Theories and Practices

The base creed of this Tradition is that of universal Aum, the song that was sung before time was time. The one began a song, and that Song split into the infinite harmony that is all of the children of the One. Sleepers and Singers – as the calls its members – alike are children of the One, and all are part of the Song. Although the Tradition appears to be made up of only Christians, it has many other faiths within its ranks as well. Jews, Muslims, Buddhists and Pagans also join the Chorus. They continue to practice their religions while understanding that th enames they use for their gods are part and parcel of the One force that is the source of all divinity and light.

The strength of this Tradition is its devotion to its highest ideals. The ideal Chorister is everything that is a good Christian, a good Muslim, a good Jew or a good Pagan should be; kind, compassionate, strong, faithful and altruistic. Choristers are dedicated to helping their fellow humans, both Sleeper and Awakened, and they stand up against oppression and hate. This Tradition might be peaceful, but it is definitely not nonviolent. Holy war is still war, and holy warriors are terrifying on the battlefield.

Magic is the will of the One, and the singers simply open themselves to it. They become channels for the Song and allow the flow of harmony to fill their spirits and their voices. No human can do more than guide the direction of magic. Mages are simply the hands and the fingers of the One and Prime. Song is they great symphony of creation and a Chorister can release that symphony, if only for a moment, through the mortal vessel as it becomes one with the divine. Because Choristers focus so strongly on a meta-magical and meta- religious idea, their area of expertise is Prime, the Sphere that deals with the very fabric of the universe. Prime is the direct magical manifestation of the One.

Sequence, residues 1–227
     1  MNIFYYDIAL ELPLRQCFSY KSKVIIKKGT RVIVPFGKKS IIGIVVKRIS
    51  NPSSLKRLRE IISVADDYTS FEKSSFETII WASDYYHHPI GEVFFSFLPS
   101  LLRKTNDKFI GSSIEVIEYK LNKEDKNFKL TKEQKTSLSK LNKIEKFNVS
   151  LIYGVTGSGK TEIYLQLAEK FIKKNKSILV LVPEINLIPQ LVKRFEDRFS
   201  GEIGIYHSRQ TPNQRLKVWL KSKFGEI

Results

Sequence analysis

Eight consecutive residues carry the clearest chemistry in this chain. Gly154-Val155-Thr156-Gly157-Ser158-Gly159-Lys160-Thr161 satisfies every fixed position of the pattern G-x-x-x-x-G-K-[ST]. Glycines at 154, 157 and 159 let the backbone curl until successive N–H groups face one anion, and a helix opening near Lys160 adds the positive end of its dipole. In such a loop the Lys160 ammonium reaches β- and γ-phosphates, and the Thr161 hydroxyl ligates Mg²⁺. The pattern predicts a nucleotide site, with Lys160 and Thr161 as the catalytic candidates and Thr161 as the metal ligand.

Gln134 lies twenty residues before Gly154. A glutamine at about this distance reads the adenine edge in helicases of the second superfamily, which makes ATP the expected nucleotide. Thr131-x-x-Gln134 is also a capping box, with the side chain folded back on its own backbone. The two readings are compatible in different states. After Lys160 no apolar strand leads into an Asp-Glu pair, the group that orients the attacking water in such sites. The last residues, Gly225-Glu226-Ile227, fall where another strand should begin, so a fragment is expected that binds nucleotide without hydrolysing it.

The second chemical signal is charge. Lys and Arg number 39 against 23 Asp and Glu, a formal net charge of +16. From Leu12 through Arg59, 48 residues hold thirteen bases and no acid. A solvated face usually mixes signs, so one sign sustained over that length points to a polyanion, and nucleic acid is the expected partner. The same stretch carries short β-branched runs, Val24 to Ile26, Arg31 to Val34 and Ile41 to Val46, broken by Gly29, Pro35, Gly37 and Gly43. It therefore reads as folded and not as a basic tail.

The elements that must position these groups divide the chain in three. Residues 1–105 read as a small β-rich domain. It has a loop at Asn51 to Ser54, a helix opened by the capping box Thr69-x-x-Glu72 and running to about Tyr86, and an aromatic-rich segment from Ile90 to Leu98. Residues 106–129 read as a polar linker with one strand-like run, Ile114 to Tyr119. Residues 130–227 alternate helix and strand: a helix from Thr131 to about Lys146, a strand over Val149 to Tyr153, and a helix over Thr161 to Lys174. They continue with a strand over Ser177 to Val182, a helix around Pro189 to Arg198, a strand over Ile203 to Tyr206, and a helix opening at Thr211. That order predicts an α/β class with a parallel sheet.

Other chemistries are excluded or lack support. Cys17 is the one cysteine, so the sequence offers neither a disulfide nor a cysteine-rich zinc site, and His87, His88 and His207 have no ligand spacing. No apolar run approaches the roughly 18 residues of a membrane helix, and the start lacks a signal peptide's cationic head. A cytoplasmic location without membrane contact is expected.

One a more physical note, Chorus efforts often take the shape of comon church functions, like soup kitchens, free medical clinics or caring for the ill and lonely. If people have their material needs fulfilled, the mages reason, they are more inclined to be generous to their neighbors. Also, it’s easier to spread a message to people when the messenger is actuall among the people. Standing in a pulpit is fine, but it isn’t going to reach the people who really need to hear the song. The fact that they’re leading by example is also central to the Choristers’ approach to encouraging Ascension.

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Celestial Chorus

Detroit By Night(Mage) meaux1